NASA: Skylab astronauts run around space station in 1973
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The Canadian Space Agency (CSA) has confirmed a piece of its equipment has been damaged onboard the ISS after a small chunk of space debris blasted through it. The object smashed through the Canadarm2 – a robotic arm outside the ISS which was supplied by CSA.
The CSA does not know what caused the hole, but it was likely a small meteorite.
Astronauts found the small hole, which measures around five millimetres, during a routine inspection on May 12.
However, the function of the arm should not be affected.
The CSA said: “Space can be a harsh and unforgiving environment for the robots and humans that explore it: the hazards are many, from massive temperature swings to radiation and orbital debris.
“Over 23,000 objects the size of a softball or larger are tracked 24/7 to detect potential collisions with satellites and the ISS.
“A number of tiny objects—ranging from rock or dust particles to flecks of paint from satellites—are also too small to be monitored.
“While the utmost precautions are taken to reduce the potential for collisions with the ISS, impacts with tiny objects do occur.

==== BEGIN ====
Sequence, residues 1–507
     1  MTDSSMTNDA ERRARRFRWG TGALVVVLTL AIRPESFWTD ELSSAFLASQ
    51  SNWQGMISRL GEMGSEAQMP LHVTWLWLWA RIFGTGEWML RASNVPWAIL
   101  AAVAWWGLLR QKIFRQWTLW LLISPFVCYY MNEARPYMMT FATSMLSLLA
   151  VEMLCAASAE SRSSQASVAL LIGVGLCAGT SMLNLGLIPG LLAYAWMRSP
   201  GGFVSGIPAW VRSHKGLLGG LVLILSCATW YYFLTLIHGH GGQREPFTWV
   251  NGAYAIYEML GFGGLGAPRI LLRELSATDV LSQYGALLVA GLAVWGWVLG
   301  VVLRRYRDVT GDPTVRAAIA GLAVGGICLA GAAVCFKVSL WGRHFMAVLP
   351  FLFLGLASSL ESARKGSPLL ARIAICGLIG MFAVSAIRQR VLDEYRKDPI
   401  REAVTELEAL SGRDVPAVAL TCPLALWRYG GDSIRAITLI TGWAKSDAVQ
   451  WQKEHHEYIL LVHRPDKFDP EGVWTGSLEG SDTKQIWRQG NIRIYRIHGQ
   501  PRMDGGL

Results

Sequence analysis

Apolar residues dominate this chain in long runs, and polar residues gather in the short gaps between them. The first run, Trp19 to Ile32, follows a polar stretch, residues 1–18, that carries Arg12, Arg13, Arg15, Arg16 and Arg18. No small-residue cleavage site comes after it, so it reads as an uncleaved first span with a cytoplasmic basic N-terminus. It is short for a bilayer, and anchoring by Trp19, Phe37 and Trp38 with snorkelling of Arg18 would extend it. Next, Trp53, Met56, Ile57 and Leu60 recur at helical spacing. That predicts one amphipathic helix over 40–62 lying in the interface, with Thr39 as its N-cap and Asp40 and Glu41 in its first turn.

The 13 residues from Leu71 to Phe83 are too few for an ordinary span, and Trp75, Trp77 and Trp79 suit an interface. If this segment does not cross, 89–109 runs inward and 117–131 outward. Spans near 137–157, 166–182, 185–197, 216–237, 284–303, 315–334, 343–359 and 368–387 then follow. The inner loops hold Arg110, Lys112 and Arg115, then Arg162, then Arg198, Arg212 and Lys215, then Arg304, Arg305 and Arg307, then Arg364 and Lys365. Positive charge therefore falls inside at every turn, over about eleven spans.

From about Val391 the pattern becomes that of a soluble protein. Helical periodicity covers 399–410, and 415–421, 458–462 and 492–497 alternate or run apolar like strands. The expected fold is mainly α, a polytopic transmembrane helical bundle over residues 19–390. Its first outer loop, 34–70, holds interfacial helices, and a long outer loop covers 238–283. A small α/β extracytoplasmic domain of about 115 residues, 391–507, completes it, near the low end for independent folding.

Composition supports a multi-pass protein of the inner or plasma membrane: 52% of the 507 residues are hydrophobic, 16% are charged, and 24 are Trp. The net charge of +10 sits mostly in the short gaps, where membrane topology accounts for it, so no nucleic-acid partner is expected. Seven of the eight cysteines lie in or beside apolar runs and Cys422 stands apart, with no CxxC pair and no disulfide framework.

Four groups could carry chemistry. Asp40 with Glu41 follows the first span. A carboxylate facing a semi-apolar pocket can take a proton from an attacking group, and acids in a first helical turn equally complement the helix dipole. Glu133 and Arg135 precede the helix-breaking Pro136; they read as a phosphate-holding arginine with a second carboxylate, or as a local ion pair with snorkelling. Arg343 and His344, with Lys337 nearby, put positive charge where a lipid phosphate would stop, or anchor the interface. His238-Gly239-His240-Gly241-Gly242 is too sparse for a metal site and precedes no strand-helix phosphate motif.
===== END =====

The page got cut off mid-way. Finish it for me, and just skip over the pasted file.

“One such hit was noticed recently during a routine inspection of Canadarm2 on May 12.
“Experts from the Canadian Space Agency (CSA) and NASA worked together to take detailed images of the area and assess the impact, which occurred on one of Canadarm2’s boom segments.
“Despite the impact, results of the ongoing analysis indicate that the arm’s performance remains unaffected.”
There are more than 160 million pieces of ‘space junk’ floating in Earth’s orbit, with the number continuing to rise.
Satellites are constantly being put into orbit, clogging up more and more space in the process.
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Space junk, which can include debris from defunct satellites and pieces of rockets, is proving to be an increasingly prominent problem.
Furthermore, with pieces of space junk travelling at average speeds of 16,777 mph (27,000kmh), even the smallest pieces of debris, including chips of paint, could prove extremely problematic.
Last year, Graham Turnock, Chief Executive of the UK Space Agency, said: “People probably do not realise just how cluttered space is.
“You would never let a car drive down a motorway full of broken glass and wreckage, and yet this is what satellites and the Space Station have to navigate every day in their orbital lanes.
“In this new age of space megaconstellations the UK has an unmissable opportunity to lead the way in monitoring and tackling this space junk.”
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